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5 Common Dog Health Emergencies and Tips to Combat Them

5 Common Dog Health Emergencies and Tips to Combat Them
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As pet-parents our dog’s safety and well-being is the utmost priority.  Any parent’s worst nightmare would be seeing their dog in pain. But we all know that our canines are inquisitive creatures and can get themselves in trouble. They may get into a fight, suffer an injury or end up licking toxins.

Panicking or stressing out in such situations can make things worse. So it’s recommended to be fully equipped mentally as well as physically to provide your dog instant first-aid. Here are five dog health emergencies and tips to combat them.


Your dog may fracture his bones due to an accident, fall or even due to fights. As a preventive measure, always keep your dog protected in a fence. When you travel with your pooch in a car, make sure that you safely restrain him. Some injuries may not cause a fracture, but a dislocation. In any case, if you think that your dog is feeling discomfort or pain, take him to the vet immediately.

Fractures are of two major types. In open fractures, the bone is exposed, while in closed fractures the skin remains unaffected. The symptoms depend upon the severity and the bone that is fractured. Typical indications are whining, pain, inflammation or the inability to walk or stand.


Your dog may swallow, lick or inhale any toxic material. It is especially dangerous in winters as there are high risks of your dog ingesting substances such as anti-freeze during walks. Ensure that you get a leash that gives you good control over your pooch when you walk him around the neighborhood.

The immediate symptoms of poisoning may vary from lethargy to vomiting or even seizures. If you identify that your dog has ingested or came in contact with poison, don’t waste time. Call your vet or contact the ASPCA Poison Control at 888426-4435 or Pet Poison Hotline at 800213-6680.

If possible get the packaging of the toxin and determine the type of poison, it is. If your dog vomits, collect the sample to give to the vet. I would suggest you not to try any home remedies as that may increase the severity of the reaction. Induce vomiting only if a professional asks you to do so. Afterward immediately rush your dog to the nearest vet.


Dog burns are of three types characterized according to the intensity; first, second and third degree. Contact with hot objects, chemicals, electrical cords, fire or exposure to sun or radiation may be the reason for your dog’s scalds. If you notice any blisters or inflamed spots on your pup’s skin, chances are he has suffered a burn. Other symptoms are hard, crusted skin, a bald patch or continuous scratching.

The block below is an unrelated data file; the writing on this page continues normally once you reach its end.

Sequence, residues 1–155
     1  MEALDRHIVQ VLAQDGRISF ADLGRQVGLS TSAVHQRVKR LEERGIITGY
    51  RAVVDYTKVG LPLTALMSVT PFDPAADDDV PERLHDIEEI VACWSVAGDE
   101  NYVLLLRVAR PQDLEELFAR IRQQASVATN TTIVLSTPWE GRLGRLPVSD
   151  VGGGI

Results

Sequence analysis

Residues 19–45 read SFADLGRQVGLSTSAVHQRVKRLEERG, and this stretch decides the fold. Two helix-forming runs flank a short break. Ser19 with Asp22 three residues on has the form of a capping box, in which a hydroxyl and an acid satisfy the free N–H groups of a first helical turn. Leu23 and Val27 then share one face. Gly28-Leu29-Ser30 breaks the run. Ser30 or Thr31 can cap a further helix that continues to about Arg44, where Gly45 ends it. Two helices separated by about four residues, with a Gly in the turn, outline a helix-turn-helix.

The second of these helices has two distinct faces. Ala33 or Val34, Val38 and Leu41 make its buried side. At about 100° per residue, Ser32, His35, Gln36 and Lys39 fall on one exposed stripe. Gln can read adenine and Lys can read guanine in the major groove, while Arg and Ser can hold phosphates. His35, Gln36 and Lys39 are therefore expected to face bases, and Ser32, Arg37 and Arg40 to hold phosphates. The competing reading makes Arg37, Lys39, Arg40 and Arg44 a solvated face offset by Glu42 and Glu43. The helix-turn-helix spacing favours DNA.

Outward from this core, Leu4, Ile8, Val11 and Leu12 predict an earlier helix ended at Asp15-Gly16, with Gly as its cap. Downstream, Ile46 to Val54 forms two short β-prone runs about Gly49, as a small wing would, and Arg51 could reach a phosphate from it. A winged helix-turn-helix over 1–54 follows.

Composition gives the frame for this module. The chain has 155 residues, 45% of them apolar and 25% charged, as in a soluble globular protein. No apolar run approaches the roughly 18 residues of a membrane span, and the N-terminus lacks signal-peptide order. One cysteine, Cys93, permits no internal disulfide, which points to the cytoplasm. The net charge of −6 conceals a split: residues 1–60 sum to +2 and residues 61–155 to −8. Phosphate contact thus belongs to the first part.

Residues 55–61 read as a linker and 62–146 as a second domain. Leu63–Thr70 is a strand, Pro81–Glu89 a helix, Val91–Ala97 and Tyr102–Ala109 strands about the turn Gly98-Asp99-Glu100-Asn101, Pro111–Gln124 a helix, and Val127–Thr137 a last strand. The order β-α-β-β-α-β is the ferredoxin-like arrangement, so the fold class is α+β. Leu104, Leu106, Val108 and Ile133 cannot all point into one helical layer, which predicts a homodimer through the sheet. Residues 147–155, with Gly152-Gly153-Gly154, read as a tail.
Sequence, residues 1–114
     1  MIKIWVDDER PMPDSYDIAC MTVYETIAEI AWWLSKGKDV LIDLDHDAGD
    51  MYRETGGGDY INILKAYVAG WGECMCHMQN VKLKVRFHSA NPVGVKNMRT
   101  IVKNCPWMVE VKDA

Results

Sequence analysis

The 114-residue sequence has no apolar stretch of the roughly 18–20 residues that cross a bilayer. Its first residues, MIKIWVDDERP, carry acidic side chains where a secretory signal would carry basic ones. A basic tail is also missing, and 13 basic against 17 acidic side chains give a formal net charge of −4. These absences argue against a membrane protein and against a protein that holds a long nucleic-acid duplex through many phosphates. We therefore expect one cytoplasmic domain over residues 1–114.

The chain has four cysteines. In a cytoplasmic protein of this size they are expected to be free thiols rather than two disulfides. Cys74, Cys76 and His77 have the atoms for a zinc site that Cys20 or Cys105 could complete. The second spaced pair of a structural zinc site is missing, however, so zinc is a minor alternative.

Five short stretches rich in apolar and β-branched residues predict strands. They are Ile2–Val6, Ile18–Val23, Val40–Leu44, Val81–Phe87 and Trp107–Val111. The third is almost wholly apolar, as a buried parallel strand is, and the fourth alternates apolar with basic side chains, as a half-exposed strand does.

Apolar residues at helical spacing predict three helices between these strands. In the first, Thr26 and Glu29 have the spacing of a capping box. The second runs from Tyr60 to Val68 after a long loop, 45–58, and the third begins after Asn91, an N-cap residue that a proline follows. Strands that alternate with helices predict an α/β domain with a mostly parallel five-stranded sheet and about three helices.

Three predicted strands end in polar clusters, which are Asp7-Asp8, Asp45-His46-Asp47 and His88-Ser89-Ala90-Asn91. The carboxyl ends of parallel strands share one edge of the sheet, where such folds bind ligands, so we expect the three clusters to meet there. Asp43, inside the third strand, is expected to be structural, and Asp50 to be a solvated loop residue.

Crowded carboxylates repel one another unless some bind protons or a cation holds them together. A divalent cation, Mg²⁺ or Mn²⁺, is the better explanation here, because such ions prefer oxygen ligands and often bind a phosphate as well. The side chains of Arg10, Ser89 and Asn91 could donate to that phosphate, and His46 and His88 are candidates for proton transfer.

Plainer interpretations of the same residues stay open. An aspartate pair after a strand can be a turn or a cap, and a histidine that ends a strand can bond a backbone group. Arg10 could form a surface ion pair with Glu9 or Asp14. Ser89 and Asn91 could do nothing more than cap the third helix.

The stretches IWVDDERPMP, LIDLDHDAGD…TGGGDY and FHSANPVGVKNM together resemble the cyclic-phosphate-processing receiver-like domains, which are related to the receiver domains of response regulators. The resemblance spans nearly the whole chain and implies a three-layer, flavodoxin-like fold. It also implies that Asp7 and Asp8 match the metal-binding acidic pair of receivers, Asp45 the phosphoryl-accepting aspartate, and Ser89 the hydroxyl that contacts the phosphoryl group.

If you notice that your dog has burnt himself, try to determine the source. Hopefully it is only a first-degree burn.  If so, the skin is intact so you can flush it with water. If the coat is affected, apply dressing to the area and take your pooch to the vet immediately.


Your dog may get wounded due to a variety of reasons, what matters is if the wound is bleeding profusely or if the blood is just seeping out. In case of heavy bleeding, you need to apply pressure to the arteries and apply gauze to the affected area before leaving for the vet. If your pup isn’t bleeding severely, you can provide first-aid at home. Use a piece of towel and apply pressure to the wound. When the bleeding stops, clean the wound, apply an ointment and dress it up with gauze.


Dogs like to gulp down everything; this can be a significant cause of diarrhea. Watery poop, vomiting, and blood in the poop are symptoms that hint towards diarrhea. If your dog is too young or old and indicates any of the symptoms mentioned above, then rush him to the vet. If your pooch is healthy and doesn’t show severe symptoms, you can treat him at home initially. Ensure that he has clean water available, and cook him a comforting meal of chicken and rice. If the condition doesn’t seem to get better within 24 hours, you should consult the veterinarian.

Of course, while fleas is not a health EMERGENCY, it is serious and I have a post about flea treatment you should read.

Published inMedical & Sanitation


  1. Our dog takes off sometimes for a day or two, and when she comes back, she’s limping, and
    paw looks swollen. We live near woods and steep hills. She’s a lab of 40lbs., so I gave her 1/2
    baby aspirin 2x’s a day for 2 days. So, what could cause her limp? Thanks.

    • I am not a vet, and I haven’t seen your lab, so I would be irresponsible to give any opinion. I know thats not waht you want to hear, but if you think your dog is hurt I would suggest going to a vet.

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